Joseph Curtin | We Can Kick Our Coal-Burning Addiction. Here Are Some Ideas. – The New York Times

Dr. Curtin is the managing director for power and climate at the Rockefeller Foundation

“To avert worsening climate disasters, all sectors of the economy must be transformed by midcentury. But one task is more urgent than all others: the rapid phase-down of planet-warming emissions from coal-fired power plants in emerging economies.

The world’s leaders are failing badly in meeting this goal. Burning coal for electricity is the single largest source of global greenhouse gas emissions. Every year it accounts for about 10 billion tons of carbon dioxide — more than 70 percent of global fossil fuel emissions from electricity generation.

And we’re continuing to move in the wrong direction. Since 1990, the world has doubled its emissions from coal-fired power. There are now more than 6,500 plants. At least an additional 941 are planned. According to our calculations at the Rockefeller Foundation, combined, they would emit 273 billion tons of carbon dioxide if allowed to operate for their normal operational lifetime of about 40 years — which is equivalent to nearly eight years of all carbon dioxide pollution globally. These emissions would presage humanitarian crises that can scarcely be imagined for the world’s most vulnerable communities.

We need to stop building coal plants immediately and cut coal emissions in roughly half by 2030 to keep global warming to below 2 degrees Celsius, or 3.6 degrees Fahrenheit, above preindustrial levels. That is the upper limit for warming set by the United Nations to avoid escalating climate risks. We must also accelerate the replacement of existing coal plants with clean power, which will unlock the potential to decarbonize transportation, buildings and industry. Innovative political and financial solutions are emerging. The question is: Will we harness them?”

Michelle Goldberg | In Washington State, the Midterm Race Between Joe Kent and Marie Gluesenkamp Perez Has It All – The New York Times

Opinion Columnist

Photographs by Amanda Lucier

“VANCOUVER, Wash. — In March, five months before he became the Republican nominee in a Washington State congressional race, Joe Kent appeared on a webcast hosted by a Gen-Z white nationalist group called the American Populist Union. Kent, who would soon be endorsed by Donald Trump, was there to explain his disavowal of Nick Fuentes, a smirking 24-year-old far-right influencer whom The New York Times has described as “a prominent white supremacist.”

On one side of the split screen was David Carlson, the American Populist Union’s baby-faced chief content officer. On the other was Kent, a movie-star-handsome former Green Beret in a plaid flannel shirt, with an American flag hanging behind him. What followed was a 45-minute conversation in which Kent attempted a dance that’s become common in today’s G.O.P.: remaining in the good graces of the far right while putting some distance between himself and its most abhorrent avatars.”

Failure to Slow Warming Will Set Off Climate ‘Tipping Points,’ Scientists Say – The New York Times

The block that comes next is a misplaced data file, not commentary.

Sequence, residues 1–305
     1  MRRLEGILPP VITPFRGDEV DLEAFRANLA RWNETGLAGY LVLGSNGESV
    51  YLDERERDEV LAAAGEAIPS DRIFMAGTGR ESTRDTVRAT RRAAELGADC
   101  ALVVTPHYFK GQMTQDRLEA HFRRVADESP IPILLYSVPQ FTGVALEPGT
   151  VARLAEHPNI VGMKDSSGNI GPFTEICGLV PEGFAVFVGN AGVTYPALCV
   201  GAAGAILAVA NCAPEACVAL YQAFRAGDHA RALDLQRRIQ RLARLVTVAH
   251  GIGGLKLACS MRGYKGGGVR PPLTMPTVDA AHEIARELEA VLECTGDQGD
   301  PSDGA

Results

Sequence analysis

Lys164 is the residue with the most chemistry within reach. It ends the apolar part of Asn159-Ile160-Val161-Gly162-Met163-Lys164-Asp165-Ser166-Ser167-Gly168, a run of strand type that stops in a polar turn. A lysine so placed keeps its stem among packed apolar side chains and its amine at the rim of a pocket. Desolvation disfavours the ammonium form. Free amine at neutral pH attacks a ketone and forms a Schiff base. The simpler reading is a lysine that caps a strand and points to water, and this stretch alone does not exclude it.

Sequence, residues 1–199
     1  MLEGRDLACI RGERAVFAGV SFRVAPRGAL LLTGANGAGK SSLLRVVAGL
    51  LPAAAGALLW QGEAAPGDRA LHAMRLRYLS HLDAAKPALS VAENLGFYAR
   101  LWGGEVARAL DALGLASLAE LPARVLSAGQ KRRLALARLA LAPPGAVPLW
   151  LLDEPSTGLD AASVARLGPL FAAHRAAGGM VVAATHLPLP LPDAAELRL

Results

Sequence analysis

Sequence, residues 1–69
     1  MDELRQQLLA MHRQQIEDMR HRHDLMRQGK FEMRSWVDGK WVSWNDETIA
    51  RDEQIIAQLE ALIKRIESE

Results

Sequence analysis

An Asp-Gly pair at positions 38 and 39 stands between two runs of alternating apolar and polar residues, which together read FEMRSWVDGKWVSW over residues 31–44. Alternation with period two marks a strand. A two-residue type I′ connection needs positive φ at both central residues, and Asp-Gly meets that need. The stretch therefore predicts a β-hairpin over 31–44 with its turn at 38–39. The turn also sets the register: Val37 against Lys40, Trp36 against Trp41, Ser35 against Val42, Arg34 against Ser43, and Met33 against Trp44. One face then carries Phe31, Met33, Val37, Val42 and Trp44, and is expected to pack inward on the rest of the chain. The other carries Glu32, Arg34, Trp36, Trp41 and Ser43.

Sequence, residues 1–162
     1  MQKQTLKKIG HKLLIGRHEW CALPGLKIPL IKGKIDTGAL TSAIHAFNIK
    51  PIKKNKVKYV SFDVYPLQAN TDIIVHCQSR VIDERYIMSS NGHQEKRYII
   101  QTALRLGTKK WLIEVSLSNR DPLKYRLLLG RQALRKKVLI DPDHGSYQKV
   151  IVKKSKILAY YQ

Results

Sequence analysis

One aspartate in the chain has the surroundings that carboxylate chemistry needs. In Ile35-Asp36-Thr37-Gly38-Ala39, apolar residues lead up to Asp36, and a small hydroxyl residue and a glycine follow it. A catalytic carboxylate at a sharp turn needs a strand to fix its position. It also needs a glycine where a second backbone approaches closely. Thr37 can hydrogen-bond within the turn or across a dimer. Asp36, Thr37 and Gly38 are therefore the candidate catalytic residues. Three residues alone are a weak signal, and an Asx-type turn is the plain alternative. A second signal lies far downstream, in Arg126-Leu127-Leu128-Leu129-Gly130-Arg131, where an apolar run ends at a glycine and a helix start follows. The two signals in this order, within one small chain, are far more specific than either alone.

“Failure to limit global warming to the targets set by international accords will most likely set off several climate “tipping points,” a team of scientists said on Thursday, with irreversible effects including the collapse of the Greenland and West Antarctic ice sheets, abrupt thawing of Arctic permafrost and the death of coral reefs.

The researchers said that even at the current level of warming, about 1.1 degrees Celsius (2 degrees Fahrenheit) above preindustrial levels, some of these self-sustaining changes might have already begun. But if warming reached above 1.5 degrees Celsius, the more ambitious of two targets set by the 2015 Paris Agreement, the changes would become much more certain.

And at the higher Paris target, 2 degrees Celsius, even more tipping points would likely be set off, including the loss of mountain glaciers and the collapse of a system of deep mixing of water in the North Atlantic.

The changes would have significant, long-term effects on life on Earth. The collapse of the Greenland and West Antarctic ice sheets, for example, would lead to unrelenting sea level rise, measured in feet, not inches, over centuries. The thawing of permafrost would release more heat-trapping gases into the atmosphere, hindering efforts to limit warming. A shutdown of ocean mixing in the North Atlantic could affect global temperatures and bring more extreme weather to Europe.”

David Lindsay:  In my humble opinion, there is nothing in the world more important than learning about climate crisis tipping points, and cascading events. If this beautiful earth were a raw egg, would you want to poach it?

Europe Is Sacrificing Its Ancient Forests for dirty Energy – for wood chips – The New York Times

“. . . . . . burning wood was never supposed to be the cornerstone of the European Union’s green energy strategy.

When the bloc began subsidizing wood burning over a decade ago, it was seen as a quick boost for renewable fuel and an incentive to move homes and power plants away from coal and gas. Chips and pellets were marketed as a way to turn sawdust waste into green power.

Those subsidies gave rise to a booming market, to the point that wood is now Europe’s largest renewable energy source, far ahead of wind and solar.

European governments count wood power toward their clean-energy targets. But research shows it can be dirtier than coal.

But today, as demand surges amid a Russian energy crunch, whole trees are being harvested for power. And evidence is mounting that Europe’s bet on wood to address climate change has not paid off.

Forests in Finland and Estonia, for example, once seen as key assets for reducing carbon from the air, are now the source of so much logging that government scientists consider them carbon emitters. In Hungary, the government waived conservation rules last month to allow increased logging in old-growth forests.